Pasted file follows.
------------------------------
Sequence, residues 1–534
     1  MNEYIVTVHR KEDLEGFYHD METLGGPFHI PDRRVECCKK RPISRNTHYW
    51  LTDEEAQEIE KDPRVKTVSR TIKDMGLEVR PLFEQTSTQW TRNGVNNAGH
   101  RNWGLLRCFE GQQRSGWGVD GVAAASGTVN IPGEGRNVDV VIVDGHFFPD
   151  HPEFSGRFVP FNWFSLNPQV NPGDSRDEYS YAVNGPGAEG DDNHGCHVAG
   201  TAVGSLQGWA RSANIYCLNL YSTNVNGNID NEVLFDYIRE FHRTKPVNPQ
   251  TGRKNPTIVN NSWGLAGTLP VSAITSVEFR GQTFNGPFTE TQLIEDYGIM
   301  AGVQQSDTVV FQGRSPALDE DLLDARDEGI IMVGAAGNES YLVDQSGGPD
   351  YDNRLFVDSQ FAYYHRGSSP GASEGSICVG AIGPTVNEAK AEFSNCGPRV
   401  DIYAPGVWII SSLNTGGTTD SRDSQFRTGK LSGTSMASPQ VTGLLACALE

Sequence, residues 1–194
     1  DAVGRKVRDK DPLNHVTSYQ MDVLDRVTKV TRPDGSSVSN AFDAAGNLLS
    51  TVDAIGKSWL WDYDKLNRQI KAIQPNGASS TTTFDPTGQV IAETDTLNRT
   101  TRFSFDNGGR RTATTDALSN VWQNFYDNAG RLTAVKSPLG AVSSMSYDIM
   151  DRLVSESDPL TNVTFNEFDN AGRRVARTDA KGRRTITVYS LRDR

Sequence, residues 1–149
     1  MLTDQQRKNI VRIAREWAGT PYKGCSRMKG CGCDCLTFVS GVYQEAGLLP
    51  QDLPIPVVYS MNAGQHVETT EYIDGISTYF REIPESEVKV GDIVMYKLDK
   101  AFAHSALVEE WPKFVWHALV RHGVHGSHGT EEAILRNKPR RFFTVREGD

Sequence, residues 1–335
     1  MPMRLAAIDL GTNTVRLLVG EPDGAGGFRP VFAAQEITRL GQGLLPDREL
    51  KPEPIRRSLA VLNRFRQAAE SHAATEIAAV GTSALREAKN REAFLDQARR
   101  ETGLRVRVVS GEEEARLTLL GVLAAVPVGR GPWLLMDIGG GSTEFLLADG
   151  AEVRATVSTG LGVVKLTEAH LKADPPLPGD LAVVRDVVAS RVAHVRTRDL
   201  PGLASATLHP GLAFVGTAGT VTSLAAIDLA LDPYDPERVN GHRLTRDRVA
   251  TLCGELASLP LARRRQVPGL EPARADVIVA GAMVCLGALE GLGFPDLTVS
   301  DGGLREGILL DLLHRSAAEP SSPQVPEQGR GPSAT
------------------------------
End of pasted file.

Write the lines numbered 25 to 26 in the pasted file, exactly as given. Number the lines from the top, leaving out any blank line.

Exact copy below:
   201  PGLASATLHP GLAFVGTAGT VTSLAAIDLA LDPYDPERVN GHRLTRDRVA
   251  TLCGELASLP LARRRQVPGL EPARADVIVA GAMVCLGALE GLGFPDLTVS